I know we’re nearing the Maldives when the passengers around me start oohing and aahing. “Oh my gosh!” the woman next to me exclaims, leaning over for a better view.
Looking below, I see what she means. The seas are an azure blue, with tiny white-sand islands sprinkled liberally across the waters below. Encircling each island is a light turquoise ring, a color I’ve only seen in photos.
Suddenly, the 22 hours of flight time seem worth the trip.
Reaching the Maldives can take some time. To find the country on a map, locate the tip of southern India, then move your finger southwest in the Indian Ocean. See that string of dots? Those are the Maldives, an archipelago of 1,192 coral islands grouped into 26 atolls. Only 192 islands are inhabited by the country’s 350,000 residents.
Travelers to the Maldives fly into Malé, the capital. From there, most take a boat or seaplane to their resort. Each resort in the Maldives is its very own island. This means each resort must be self-sufficient, providing its own power, water, dining and even medical care, if needed.
If you like nightlife, shopping and entertainment, the Maldives is not for you. But if you enjoy snorkeling, diving and relaxing on the most perfect beach you’ve ever seen, this is the place.
The Maldives is synonymous with island luxury. Accommodations in the Maldives range from budget B&Bs to private villas that run into the thousands per night. (One luxury villa in the Maldives was named in the Top 10 Most Extravagant Places to Stay and quoted at $30k per night.)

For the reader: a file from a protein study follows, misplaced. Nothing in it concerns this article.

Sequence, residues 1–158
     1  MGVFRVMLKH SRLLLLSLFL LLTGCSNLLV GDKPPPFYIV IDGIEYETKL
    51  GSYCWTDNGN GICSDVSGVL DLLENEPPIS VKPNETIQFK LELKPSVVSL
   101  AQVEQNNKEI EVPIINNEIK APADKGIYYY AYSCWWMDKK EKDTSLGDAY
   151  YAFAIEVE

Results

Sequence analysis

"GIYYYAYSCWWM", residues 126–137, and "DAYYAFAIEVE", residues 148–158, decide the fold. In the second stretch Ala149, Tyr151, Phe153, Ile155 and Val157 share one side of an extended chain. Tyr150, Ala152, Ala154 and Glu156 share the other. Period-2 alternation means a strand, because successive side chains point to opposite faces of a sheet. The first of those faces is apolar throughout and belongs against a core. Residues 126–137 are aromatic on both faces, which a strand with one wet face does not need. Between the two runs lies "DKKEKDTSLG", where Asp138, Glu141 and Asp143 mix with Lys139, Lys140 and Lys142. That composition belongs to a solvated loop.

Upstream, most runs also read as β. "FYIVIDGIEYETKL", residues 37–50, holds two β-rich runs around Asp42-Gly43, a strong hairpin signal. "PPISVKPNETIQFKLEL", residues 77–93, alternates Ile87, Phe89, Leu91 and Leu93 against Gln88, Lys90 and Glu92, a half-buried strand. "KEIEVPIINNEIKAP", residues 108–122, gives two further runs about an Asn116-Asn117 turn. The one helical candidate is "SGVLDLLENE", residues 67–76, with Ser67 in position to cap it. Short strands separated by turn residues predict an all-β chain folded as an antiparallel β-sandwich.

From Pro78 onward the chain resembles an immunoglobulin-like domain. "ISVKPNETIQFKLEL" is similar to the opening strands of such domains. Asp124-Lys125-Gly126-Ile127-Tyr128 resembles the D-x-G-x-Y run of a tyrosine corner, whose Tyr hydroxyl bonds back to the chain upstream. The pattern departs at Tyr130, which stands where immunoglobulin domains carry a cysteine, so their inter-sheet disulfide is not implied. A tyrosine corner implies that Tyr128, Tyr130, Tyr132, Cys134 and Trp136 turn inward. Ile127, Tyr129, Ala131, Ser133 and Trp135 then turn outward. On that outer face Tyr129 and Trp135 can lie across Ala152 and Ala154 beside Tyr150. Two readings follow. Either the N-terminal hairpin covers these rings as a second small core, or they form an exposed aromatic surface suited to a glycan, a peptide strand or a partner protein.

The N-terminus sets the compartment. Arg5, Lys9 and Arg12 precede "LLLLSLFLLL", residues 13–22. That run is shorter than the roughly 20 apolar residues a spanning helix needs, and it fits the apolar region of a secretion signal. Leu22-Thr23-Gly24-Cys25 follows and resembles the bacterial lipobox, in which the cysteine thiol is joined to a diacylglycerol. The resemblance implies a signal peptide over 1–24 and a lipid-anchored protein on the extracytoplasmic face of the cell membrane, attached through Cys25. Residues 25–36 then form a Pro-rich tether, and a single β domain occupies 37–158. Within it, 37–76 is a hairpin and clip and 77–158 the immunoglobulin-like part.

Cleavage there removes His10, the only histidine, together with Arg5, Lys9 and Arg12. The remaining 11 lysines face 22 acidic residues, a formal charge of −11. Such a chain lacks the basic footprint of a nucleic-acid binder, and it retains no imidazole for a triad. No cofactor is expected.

The Maldives is an Islamic nation. As I would be told several times during my trip, “We love to welcome everyone, from Christian to Hindu and everyone else. All are welcome here.”
While Maldivians follow Islamic tradition in dress and food on the local islands, resort islands follow their own rules. They operate like many other beach resorts around the world, and most serve alcohol and pork.
There are more than 100 resorts islands in the Maldives ranging in size from 1.5 miles across to just a tenth of a mile. I plan to visit four of them.
My first stop is Baros, a luxury resort about 25 minutes by speedboat from Malé. Baros was one of the first resorts in the Maldives. Opened in 1973, it is a romantic destination popular with honeymooners. Baros also has its own reef encircling a pristine lagoon, which makes for excellent snorkeling.
The resort has a private, intimate feel, with 45 beachside and 30 water villas. The décor in my beachside pool villa uses deep woods and high ceilings. I like the plush king bed and luxury bathroom, as well as the private outdoor shower. Behind the villa, I discover a private yard with plunge pool, a shaded wooden veranda deck with a canopied four-poster daybed, and my very own private section of the beach.
I’m pretty sure I’ve died and gone to heaven.
Although I have no desire to leave my villa, I soon find that dining at Baros is a pleasure. All produce and food supplies must be brought in by boat, but the cuisine is fresh and innovative, with a wine list that many restaurants would envy. We linger at sunset over drinks at the iconic Lighthouse Lounge, and have an amazing dinner at The Cayenne Grill. With all this good food, I know it will be hard to stay trim for my bikini during the trip.
Baros is an adults-only destination. One of the highlights at Baros is a private dinner on The Sandbank. It’s just what it sounds like – a private dinner for two prepared and served by your own private chef on a small sandbank in the middle of the crystal blue sea at sunset.
On our last day at Baros, a friend and I spend the morning snorkeling. We walk straight into the sea from our villa doors, and within minutes we’ve reached the reef. Hundreds of colorful fish and bright coral surround us. The water is so warm that it almost feels like a bathtub. We snorkel until we tire, and then walk back along the shore, happily chatting about what we’ve seen.
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